When Kondi tells his older brother, Ufulu that he is going to make a Galimoto,
Ufulu laughs at him. Where in the village will Kondi find enough
wire to shape into a truck, a car, even a bicycle? "A boy with
only seven years cannot make such a toy," says Ufulu. But Kondi
is determined to have his very own galimoto by the end of the
In Catherine Stock's vibrant watercolors, the busy life of an
African village forms a fascinating backdrop to the satisfying
story of a boy who makes his dream come true.
Behind the Story
I was intrigued with galimotos and the children who made them
from the first time I saw one in Africa. This story began as a
paragraph in an article I wrote about games and toys African children
make. It didn’t sell but I was passionate about galimotos.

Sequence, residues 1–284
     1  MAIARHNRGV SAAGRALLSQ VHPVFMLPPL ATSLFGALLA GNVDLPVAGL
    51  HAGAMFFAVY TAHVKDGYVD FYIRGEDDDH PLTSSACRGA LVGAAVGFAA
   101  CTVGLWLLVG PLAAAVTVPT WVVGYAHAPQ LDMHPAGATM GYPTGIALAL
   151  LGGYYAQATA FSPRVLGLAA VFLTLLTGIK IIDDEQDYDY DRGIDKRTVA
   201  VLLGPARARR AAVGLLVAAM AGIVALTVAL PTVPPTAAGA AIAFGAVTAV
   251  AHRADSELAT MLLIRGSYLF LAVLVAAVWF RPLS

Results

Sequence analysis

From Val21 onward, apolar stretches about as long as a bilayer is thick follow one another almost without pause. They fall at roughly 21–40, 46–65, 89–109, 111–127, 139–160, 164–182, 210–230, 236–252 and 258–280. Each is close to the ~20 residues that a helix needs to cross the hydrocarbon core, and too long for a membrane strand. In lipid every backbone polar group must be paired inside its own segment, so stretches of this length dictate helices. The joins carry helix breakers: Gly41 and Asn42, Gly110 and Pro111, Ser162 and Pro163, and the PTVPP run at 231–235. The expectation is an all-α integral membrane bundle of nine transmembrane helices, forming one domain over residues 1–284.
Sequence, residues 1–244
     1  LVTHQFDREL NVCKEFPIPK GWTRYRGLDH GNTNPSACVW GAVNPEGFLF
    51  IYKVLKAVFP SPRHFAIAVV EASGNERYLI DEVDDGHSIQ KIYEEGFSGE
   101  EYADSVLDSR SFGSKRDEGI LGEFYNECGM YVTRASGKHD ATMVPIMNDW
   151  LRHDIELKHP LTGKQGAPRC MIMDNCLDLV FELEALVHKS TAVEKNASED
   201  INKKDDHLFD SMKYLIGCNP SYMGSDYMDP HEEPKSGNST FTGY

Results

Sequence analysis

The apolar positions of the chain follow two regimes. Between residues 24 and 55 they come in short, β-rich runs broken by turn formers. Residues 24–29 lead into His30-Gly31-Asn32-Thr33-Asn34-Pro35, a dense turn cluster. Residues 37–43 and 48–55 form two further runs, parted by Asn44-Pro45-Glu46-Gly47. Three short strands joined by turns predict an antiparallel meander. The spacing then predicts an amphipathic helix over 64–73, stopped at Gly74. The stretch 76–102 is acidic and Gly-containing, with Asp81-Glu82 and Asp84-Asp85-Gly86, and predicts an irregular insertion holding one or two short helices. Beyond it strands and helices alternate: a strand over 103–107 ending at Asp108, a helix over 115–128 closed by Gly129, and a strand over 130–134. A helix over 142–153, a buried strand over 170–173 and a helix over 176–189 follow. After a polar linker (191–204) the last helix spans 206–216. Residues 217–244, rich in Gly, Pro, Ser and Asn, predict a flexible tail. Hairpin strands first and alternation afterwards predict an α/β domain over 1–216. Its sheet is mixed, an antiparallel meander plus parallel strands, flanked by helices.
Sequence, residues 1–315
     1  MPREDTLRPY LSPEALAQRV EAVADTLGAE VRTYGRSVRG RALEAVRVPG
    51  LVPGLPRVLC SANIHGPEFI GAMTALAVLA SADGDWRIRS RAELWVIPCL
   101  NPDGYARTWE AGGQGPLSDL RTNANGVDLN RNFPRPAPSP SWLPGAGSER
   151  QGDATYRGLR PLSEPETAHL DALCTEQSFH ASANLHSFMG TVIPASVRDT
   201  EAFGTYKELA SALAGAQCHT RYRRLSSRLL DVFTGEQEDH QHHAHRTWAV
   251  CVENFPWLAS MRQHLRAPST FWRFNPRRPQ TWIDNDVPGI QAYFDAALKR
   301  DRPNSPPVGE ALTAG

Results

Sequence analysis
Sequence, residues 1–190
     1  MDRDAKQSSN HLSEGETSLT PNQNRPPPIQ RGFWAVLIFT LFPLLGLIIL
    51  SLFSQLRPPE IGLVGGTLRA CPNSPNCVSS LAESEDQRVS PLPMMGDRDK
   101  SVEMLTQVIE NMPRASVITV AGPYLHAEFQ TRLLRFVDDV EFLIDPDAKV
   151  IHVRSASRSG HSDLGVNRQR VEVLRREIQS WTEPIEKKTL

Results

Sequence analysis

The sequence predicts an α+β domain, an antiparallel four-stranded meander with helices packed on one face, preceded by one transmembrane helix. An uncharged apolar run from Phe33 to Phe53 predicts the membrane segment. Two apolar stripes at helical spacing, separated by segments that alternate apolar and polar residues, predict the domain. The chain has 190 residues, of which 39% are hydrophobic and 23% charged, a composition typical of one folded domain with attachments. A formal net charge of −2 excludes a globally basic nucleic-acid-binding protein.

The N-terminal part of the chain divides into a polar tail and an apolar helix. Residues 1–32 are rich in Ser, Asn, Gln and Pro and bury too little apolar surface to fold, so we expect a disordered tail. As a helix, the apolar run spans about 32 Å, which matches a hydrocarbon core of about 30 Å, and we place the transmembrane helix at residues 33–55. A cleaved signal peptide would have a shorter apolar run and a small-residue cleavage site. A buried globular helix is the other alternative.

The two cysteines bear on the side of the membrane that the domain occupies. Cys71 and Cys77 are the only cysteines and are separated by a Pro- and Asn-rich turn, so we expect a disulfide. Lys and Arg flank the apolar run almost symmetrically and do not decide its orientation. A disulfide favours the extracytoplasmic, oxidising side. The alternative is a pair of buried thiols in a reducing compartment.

Next I wrote a very long, boring story about a boy who builds
a galimoto, sells it and earns money to go to school. It was terrible.
I never even sent it to a publisher. Finally after listening to
an editor, Dick Jackson and one of my favorite authors, Cynthia
Rylant speak at a conference, I knew how I should write this book.
I was inspired by the children who build these complex artistic
sculptures out of almost nothing. They are creative, imaginative
works of art. The materials are simple but the children practice
to make these often intricate, life-like structures.